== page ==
Rienzi's Veterans Section

Rienzi Cemetery is the final resting place to over 1,100 veterans. For this reason, Rienzi has recently installed military flags in the Veteran section of the cemetery. We are going to have a ribbon cutting on Memorial Day. As part of the project, we are installing a walkway from the road to the flag display. We are offering you the opportunity to donate in the form of a memorial brick.  This is a great way to honor your beloved veteran.

 

By clicking on the link below you will be able to see the different options and pricing. You can conveniently purchase your brick through the website below, or you may order through the Rienzi Office via a paper order form.

 

Click here to order online.

 

You may also print off the below order form if you choose to order in person at the Rienzi Office.

 

Click here to order online.

 

You may also print off the below order form if you choose to order in person at the Rienzi Office.

 

AttentionVeterans

Honor Guard important component of Veteran Funeral

 

     Larry Stoffel needed something to do when he returned from Vietnam and the Fond du Lac Legion filled that need. In 1975, Larry began attending veteran funerals as a member of the Trier-Puddy American Legion Post #75.  He became a member of their firing squad, which is now called the honor guard.

     In the 40 years he has been a member of this prestigious group he had the opportunity to work with soldiers from World War I, World War II, Korean War Veterans, and his fellow Vietnam veterans.

Larry had a love for horses, so he followed his Grandpa into the US Army Calvary. In the Army, he helped in the medic and radio fields. Larry returned from Vietnam with a Purple Heart.

 

     Stoffel said, “When I returned from Vietnam, I had to find something to keep myself occupied, and the legion and honor guard were a perfect fit.

     

     The quick-witted Stoffel recalled a funeral when they fired the three-volley salute, the wife of the deceased passed out and a young grandson reacted with an “Oh no, now they shot Grandma too.” Respectful, light-hearted chuckles were experienced by all attendees.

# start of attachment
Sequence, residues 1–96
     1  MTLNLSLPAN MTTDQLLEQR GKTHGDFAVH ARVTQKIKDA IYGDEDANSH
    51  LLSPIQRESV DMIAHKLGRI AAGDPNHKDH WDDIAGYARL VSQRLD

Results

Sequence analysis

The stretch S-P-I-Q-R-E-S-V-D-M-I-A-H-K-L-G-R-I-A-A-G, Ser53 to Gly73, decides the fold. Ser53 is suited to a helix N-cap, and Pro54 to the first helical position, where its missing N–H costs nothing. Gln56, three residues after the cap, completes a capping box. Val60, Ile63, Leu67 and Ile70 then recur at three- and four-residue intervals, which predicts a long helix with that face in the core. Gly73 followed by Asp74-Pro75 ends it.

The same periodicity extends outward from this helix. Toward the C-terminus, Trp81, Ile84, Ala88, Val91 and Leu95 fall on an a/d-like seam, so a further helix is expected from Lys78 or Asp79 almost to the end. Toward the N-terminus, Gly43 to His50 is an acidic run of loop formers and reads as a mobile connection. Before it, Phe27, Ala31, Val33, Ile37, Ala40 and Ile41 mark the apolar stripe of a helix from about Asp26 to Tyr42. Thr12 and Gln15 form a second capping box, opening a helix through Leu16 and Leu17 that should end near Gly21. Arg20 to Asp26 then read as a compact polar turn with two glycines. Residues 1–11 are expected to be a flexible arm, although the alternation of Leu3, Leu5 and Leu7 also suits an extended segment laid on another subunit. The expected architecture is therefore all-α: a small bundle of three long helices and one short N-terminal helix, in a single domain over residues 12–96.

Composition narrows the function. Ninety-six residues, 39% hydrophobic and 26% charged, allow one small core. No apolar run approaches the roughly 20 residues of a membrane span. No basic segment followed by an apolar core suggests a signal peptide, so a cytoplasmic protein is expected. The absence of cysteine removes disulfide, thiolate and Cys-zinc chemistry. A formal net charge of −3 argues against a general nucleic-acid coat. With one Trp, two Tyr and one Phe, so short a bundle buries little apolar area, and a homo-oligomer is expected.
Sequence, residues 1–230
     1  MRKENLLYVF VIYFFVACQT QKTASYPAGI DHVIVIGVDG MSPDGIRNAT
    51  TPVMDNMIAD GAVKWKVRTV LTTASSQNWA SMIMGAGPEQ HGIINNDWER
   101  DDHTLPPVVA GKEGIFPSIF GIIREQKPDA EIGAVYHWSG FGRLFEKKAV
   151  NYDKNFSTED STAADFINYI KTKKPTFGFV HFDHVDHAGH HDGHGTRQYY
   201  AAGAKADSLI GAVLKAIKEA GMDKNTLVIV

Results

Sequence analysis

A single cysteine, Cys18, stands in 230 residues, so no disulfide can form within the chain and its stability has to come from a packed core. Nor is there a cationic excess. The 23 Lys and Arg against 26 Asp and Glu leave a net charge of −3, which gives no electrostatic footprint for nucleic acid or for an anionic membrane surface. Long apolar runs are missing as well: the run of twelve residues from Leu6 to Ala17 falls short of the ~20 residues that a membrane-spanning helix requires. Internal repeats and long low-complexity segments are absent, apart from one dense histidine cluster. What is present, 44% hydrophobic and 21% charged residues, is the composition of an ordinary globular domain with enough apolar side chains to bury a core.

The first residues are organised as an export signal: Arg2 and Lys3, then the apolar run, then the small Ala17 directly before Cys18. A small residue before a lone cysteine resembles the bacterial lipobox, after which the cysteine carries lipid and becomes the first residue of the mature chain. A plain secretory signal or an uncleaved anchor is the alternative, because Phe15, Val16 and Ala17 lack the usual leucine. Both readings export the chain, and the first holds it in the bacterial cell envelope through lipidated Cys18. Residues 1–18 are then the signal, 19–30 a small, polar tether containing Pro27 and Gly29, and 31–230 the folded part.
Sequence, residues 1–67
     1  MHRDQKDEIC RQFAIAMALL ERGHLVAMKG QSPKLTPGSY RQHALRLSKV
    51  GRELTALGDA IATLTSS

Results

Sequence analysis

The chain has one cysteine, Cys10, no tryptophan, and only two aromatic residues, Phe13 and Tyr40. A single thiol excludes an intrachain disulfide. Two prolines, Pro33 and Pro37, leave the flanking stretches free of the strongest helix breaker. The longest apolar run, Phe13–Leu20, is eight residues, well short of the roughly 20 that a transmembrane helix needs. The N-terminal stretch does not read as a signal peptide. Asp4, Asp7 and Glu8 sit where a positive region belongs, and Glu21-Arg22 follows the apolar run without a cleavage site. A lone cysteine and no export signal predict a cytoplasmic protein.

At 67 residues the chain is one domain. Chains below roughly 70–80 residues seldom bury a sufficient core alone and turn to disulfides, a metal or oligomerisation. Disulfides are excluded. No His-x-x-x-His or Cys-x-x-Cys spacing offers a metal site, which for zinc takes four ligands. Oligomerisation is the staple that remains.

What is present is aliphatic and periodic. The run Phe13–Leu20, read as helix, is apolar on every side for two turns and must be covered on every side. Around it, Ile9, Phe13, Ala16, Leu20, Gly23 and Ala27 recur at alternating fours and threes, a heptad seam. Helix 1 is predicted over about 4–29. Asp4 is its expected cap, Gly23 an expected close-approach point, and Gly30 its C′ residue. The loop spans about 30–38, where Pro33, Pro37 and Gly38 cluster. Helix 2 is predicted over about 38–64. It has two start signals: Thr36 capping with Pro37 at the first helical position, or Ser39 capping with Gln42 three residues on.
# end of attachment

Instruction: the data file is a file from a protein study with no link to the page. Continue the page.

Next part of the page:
Currently Post #75 has 15 volunteer members, several of which are in their 80s.

 

     “American Legion Post #75 will continue to provide military honors to veterans as long as possible, however our numbers are reaching a crisis stage because of our ages,” stated guard president, Jim Guell.

 

     Squad leaders, Dan Dahlke and Guell, feel there is a sense of pride and humility to be able to recognize your fellow veterans and satisfaction in the thank you’s received from the veterans’ families. The graveside service provides a great deal of closure and satisfaction to the family.

 

     The squad needs veterans to join them and help the proud tradition of the honor guard. Most of the funerals are between 10 a.m. and 2 p.m. If you are a retired veteran, work second or third shift, or your employer is flexible allowing you to honor a fellow veteran at the grave site ... THEY CAN USE YOU! Every member is NOT expected to attend every funeral.

 

     The minimum qualifications for honor guard participation are a Trier-Puddy American Legion Post #75 membership, dedication to the purpose of the honor guard and willingness to present a public image.

 

     For inquiries, contact Dan Dahlke, 920-346-2726, or Jim Guell, 920-921-7040.

Photo by Lee Uecker

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